Under the Knife in China
Lack of proper training leaves Chinese surgeons dangerously under-skilled.
In June 2015, doctors told 69-year-old Shuai Shuiqing she had stomach cancer and would need surgery. She left her home in the city of Chongzhou in Sichuan province and traveled 20 miles to visit Chengdu’s Huaxi Hospital, which is ranked second-best in all of China. There, she waited six weeks to see a surgeon. By the time she went under the knife, she had already gone into shock. The surgeons found the cancer had metastasized to other organs, and she died a year later.
It’s hard to know whether earlier surgery could have saved Shuai’s life, but her case points to a growing problem in China, namely that demand for health care is far outpacing the country’s capacity to provide it. Patients often face dangerous wait times for surgery, not because China lacks surgeons but because there are not enough surgeons who can actually operate. According to World Bank data, China’s number of surgeons per capita is on par with other upper-middle-income countries, but collectively, its surgeons perform 40 percent fewer surgical procedures than their counterparts.
Why the low surgical output? One reason is a dearth of hands-on learning, such that when Chinese surgeons complete surgical training, many have hardly gotten a chance to cut. Then, they can spend years after training assisting senior surgeons or performing simple procedures. Writing in the Lancet in 2016, a group of Chinese public health experts affiliated with Sun Yat-sen University in Guangzhou reported that less than 5 percent of surgeries in China are completed by doctors under the age of 43.“The biggest challenge facing surgical trainees at all levels in mainland China today,” they wrote, “is the paucity of hands-on learning opportunities.”
As an American medical student conducting a study on surgical education in China, I arrived in the country knowing these statistics. Still, coming from the “see one, do one, teach one” ethos of the U.S. system, where medical education jobs are among the most prestigious forms of employment for doctors, I was stunned by how little hands-on teaching there is in Chinese academic medical centers. I discovered it was typical for young surgeons to spend decades waiting for a chance to stop observing and start cutting. In the United States, surgeons grant trainees maximum possible autonomy given safety and practical constraints. American senior surgical residents are expected to complete many surgeries independently, with attending physicians merely supervising and assisting their work. Beginning my own surgery rotations, still two years away from getting an M.D., I was expected to be scrubbed in and ready in case a scalpel was handed to me, which it was, on my very first day.
In China, the learning is more delayed. Take, for example, an ophthalmologist at a top-rated hospital in Beijing, who asked that her name not be used in this story. After securing an M.D. and Ph.D., she graduated from a top residency program and is now an attending ophthalmologist at a prestigious eye hospital. On top of her busy training schedule, she has managed to publish dozens of peer-reviewed research articles. I asked her how many cataract surgeries she’s done. “Zero,” she said. “I’ve seen a bunch but haven’t actually gotten to do any myself.” An ophthalmologist in the United States would have completed scores, if not hundreds, of such surgeries by her stage of career. She told me she hopes that she can begin operating in the next decade or so.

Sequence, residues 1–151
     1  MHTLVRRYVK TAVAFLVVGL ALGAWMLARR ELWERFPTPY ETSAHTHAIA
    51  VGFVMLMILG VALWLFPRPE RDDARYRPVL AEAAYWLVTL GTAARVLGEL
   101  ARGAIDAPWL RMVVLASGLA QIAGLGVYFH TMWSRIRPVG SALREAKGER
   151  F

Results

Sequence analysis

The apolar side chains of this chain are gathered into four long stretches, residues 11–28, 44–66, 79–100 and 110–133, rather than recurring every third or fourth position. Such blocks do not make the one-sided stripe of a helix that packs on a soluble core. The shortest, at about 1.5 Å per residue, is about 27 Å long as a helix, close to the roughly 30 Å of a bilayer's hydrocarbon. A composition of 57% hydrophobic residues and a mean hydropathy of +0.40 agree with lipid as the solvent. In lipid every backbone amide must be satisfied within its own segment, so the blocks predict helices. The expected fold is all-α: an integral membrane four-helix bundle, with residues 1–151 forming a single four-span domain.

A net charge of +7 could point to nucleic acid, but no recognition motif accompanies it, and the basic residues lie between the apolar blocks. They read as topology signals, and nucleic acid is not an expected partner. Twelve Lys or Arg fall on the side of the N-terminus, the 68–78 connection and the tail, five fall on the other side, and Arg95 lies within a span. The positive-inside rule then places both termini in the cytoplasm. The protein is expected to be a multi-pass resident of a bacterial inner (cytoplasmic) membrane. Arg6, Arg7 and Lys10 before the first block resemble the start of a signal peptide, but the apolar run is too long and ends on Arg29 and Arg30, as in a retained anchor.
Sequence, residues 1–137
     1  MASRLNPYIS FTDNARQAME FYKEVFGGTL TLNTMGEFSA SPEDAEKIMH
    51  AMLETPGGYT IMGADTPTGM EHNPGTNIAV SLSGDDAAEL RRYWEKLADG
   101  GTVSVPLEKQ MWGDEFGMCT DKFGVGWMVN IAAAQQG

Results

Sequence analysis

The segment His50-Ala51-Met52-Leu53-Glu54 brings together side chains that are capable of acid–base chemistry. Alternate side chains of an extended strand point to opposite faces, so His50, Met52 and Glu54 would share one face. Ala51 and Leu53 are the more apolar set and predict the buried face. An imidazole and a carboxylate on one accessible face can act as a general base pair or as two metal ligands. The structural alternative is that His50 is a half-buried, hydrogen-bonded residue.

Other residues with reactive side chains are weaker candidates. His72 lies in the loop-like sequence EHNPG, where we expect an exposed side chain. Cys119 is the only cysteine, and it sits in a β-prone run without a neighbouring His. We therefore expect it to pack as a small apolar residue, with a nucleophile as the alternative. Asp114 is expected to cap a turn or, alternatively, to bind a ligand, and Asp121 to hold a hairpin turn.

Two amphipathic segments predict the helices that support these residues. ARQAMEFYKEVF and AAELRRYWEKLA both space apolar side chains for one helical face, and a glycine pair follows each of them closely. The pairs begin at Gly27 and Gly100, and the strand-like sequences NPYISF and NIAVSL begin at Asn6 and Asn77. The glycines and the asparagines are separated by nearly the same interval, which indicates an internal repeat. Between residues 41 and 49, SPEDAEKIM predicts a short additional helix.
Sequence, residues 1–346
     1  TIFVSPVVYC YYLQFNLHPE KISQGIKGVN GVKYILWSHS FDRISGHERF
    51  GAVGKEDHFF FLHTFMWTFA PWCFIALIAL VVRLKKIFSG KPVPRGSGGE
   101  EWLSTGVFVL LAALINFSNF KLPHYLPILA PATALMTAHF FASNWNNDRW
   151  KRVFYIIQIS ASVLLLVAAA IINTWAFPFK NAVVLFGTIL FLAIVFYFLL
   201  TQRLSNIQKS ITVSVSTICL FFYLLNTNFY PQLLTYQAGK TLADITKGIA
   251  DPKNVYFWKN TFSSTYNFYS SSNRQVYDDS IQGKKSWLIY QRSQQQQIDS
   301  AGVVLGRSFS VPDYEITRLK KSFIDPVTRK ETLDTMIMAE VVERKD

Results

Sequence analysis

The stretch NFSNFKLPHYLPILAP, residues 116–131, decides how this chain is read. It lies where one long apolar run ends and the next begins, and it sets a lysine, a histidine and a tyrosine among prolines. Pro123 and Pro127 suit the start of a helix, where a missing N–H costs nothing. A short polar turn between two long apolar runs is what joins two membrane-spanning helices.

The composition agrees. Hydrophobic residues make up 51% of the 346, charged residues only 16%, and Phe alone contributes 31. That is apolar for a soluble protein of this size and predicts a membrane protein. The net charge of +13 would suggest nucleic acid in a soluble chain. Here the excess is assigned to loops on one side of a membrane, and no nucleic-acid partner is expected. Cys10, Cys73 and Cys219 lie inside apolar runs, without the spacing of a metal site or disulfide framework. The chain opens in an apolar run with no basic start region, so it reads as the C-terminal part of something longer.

With many surgeons only able to operate after midcareer, if at all, the system creates a bottleneck that hurts patient care. For example, in a country where half of all blindness—2.5 million people—is due to unoperated cataracts, only 36 percent of Chinese ophthalmologists perform the surgery. As a result, China has a per capita cataract surgical rate many times below that of lower-resourced Vietnam and India, and well below that of the United States, where less than 15 percent of blindness is due to cataracts.
Highly qualified surgeons tend to concentrate in large academic centers, leaving smaller hospitals with a lack of experienced doctors and large hospitals swarmed with patients seeking specialized care. According to Gong Xiaoming, an OB-GYN at Peking Union Medical College in Beijing, this situation has resulted in rural patients standing in line for days in the freezing Beijing winter just to get a simple biopsy.
The problem of surgical training stems from a central flaw in China’s medical system: deep societal mistrust of overworked, underpaid doctors. Doctors in China generally do not enjoy the same high salaries and social status they do in many other counties. The average annual salary in 2015 of a Chinese doctor, adjusted for purchasing power, was around $27,000, which is many times lower than the average physician salary for Organization for Economic Cooperation and Development nations.
Chinese surgeons are primarily evaluated—and compensated—based on surgical output. In an environment where most doctors already feel underpaid and overworked, this leaves little time or incentive for teaching. Many senior surgeons avoid training future surgeons, said Jiang Yuzheng, an ophthalmologist and expert in surgical training who studied medicine in both China and the United States, because they are reluctant to turn a trainee into a “competitor.” Gong of Peking Union Medical College describes surgeons as feeling a “conflict of interest” in training a future generation of doctors.
Senior surgeons may also fear violent backlash from patients. Zhu Zhenglun, a surgeon and professor at Shanghai Jiao Tong University School of Medicine, told me senior surgeons fear being blamed for their trainees’ performance, so senior surgeons do the surgeries themselves. Families will often hold doctors responsible for even unavoidable complications, and such conflict can quickly turn violent. One study in the Lancet found that 96 percent of Chinese hospital staff reported being abused or injured by patients or their relatives in 2012 alone.